As this month’s recommendation comes hot on the heels of the release of our third issue, it seemed only natural to shine a light on someone from it. One of the most exciting parts of the entire project has always been commissioning illustrators. Checking out portfolio after portfolio, you admire different styles and the effectiveness and attitude with which they riff off or respond to their subject matter. Once you’ve assigned someone to a feature though and sent them the story, there’s just an anxious wait to see how they will interpret things.
It’s usually at this stage of proceedings that I feel Intern’s policy of working with contributors from all around the world really comes into its own. Perspective is very much what we deal with in our print issues and the chance to match illustrators and writers from different countries and cultures is one that I can rarely resist. That prospect is a particularly enticing one when you get to unleash an illustrator as concept-driven as Michael Lester. His visual style is effortlessly beautiful, what gives his work real depth and makes it truly memorable though, is his brilliant communication of ideas. A real mark of just how good he is how easy he makes it seem.
For Issue Three of Intern, I assigned him to a story by Nina Hoogstraate about the dilemmas emerging writers face when trying to make the move into getting paid for their work. Michael produced three brilliant pieces, each one making a tongue-in-cheek reference to the struggle in question. The one we chose to open with, entitled “The Creative Safe” is one of the best illustrations I’ve ever had the pleasure of publishing. Its beauty lies both in its simplicity and detail, if that makes any sense. The writers are each using the tools of their trade (laptops, pens, pencils) to try and force the safe open and get that elusive payment. When I saw the dynamite hooked up to the laptop, I was left with a smile a mile wide.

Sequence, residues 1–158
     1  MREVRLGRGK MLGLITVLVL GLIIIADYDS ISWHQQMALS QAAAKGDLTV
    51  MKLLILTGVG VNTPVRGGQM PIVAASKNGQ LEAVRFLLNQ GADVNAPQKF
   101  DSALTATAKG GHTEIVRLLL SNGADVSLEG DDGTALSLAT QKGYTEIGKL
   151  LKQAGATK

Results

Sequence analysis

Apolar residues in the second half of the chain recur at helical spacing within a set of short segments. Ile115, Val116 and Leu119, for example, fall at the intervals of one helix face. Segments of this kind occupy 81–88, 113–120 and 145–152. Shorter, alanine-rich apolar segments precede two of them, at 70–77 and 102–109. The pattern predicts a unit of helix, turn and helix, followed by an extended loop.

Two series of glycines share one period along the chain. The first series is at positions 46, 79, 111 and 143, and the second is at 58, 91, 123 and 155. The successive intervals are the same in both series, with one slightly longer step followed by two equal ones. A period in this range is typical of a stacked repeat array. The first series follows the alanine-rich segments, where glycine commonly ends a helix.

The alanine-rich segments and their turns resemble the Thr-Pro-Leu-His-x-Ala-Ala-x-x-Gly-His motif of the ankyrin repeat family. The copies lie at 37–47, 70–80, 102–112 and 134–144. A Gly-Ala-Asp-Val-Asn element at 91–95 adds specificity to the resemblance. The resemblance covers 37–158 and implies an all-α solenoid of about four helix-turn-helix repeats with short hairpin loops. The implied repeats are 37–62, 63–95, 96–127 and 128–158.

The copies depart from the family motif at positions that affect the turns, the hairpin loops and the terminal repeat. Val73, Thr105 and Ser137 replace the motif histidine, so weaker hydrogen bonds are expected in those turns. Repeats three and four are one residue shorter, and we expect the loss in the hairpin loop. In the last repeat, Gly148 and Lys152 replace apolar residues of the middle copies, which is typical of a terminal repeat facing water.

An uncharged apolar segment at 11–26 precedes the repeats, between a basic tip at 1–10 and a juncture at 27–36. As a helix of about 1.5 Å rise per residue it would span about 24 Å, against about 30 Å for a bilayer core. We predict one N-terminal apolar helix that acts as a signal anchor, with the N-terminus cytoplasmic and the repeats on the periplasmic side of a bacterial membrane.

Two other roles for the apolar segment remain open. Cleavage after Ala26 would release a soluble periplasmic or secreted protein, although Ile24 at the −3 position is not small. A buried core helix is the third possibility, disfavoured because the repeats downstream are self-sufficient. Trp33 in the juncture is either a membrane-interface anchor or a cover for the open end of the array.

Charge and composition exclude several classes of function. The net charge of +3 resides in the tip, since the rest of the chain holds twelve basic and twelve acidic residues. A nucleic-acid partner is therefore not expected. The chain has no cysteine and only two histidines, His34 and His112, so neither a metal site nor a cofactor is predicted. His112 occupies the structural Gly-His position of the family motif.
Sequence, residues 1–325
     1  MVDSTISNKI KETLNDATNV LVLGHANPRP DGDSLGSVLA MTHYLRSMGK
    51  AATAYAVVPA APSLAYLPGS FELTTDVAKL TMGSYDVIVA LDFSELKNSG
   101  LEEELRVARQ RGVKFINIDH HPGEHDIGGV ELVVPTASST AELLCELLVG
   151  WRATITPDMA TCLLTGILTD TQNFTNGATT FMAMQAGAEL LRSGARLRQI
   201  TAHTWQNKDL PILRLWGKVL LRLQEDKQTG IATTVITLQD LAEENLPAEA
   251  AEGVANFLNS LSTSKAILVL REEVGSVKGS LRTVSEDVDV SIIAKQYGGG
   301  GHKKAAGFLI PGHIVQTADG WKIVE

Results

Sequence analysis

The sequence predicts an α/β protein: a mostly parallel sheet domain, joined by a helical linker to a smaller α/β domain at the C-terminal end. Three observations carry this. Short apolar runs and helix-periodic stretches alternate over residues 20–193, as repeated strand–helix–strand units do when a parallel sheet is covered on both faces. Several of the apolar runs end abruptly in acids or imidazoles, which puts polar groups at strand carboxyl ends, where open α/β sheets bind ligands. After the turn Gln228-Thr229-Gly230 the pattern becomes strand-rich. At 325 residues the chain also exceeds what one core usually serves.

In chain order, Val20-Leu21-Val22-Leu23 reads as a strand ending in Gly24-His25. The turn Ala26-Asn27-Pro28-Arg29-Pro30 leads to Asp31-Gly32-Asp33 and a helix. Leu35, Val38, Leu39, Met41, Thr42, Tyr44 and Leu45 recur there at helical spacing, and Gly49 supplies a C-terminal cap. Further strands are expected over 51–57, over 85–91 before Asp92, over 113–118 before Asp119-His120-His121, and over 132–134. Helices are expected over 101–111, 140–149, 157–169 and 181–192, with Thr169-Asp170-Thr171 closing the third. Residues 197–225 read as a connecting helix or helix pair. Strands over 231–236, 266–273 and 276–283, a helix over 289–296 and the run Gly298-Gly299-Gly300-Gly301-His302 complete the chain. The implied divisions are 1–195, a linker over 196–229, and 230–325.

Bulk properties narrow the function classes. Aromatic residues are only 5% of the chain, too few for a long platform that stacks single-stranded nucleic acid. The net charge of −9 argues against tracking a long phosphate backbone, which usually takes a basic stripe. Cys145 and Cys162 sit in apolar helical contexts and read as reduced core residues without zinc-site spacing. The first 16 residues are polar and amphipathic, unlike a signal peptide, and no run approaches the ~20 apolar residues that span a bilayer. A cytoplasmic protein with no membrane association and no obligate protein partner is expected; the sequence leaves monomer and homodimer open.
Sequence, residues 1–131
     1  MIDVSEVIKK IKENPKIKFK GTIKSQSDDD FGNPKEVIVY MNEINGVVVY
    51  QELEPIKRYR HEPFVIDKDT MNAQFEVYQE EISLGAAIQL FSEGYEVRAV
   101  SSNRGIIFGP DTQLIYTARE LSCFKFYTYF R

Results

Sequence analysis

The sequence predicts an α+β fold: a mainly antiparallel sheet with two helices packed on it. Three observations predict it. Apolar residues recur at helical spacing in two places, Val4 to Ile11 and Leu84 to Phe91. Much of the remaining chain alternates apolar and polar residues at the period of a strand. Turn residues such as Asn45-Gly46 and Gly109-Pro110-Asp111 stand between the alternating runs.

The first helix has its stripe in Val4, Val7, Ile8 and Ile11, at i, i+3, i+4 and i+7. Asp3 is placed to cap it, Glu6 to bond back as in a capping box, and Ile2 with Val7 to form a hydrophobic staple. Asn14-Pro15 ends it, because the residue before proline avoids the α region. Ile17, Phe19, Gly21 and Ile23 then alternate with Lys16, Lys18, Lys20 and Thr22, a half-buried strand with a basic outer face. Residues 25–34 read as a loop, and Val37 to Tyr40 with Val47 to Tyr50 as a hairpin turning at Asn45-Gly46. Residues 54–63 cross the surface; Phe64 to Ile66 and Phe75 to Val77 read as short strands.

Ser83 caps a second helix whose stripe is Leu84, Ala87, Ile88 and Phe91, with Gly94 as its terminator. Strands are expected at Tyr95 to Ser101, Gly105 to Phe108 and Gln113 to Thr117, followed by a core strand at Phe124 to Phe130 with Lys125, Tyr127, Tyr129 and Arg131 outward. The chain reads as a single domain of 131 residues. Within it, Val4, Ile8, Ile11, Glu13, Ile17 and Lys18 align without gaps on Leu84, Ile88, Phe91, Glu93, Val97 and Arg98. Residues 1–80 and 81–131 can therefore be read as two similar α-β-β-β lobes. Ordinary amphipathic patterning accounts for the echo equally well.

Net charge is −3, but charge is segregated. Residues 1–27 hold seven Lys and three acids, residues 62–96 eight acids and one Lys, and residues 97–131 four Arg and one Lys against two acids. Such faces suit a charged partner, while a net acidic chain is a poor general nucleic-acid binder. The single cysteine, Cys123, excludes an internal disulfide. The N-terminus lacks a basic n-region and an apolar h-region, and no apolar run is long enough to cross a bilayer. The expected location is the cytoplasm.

When working with someone of Michael’s calibre, that anxious wait I mentioned is more child-like excitement. You know he’s going to come up with something great, the beauty is that you’ll never imagine it yourself, despite how wonderfully obvious the final piece seems.
Two of his most recent projects back up my overtures, both in their execution and success. The first, 'Hire the Future Me' asks future collaborators to hire him in various guises (we went for animation) in ten years’ time. Those selected were sent a beautiful IOU and the opportunity to check back in with him in a decade to call in the favour as a thank you for believing in his potential. It was a response to D&AD’s WeTransfer New Blood brief and secured him a graphite pencil.
Having attended Jelly London talk as part of the New Blood Festival, Michael chose to respond to their Making Your Mark brief with the quite magnificent 'World’s Smallest Portfolio'. It won the competition as well, in doing so showing off his eye for wit and beautiful concept execution. The tiny portfolios were sent off to a selection of his favourite agencies along with a signed magnifying card making them legible.
The project went viral and soon passed 6000 views on Behance, eclipsing the other entries. I’d be interested to know who those select group of agencies were, but I can’t imagine that many of them will have wasted time before getting in touch.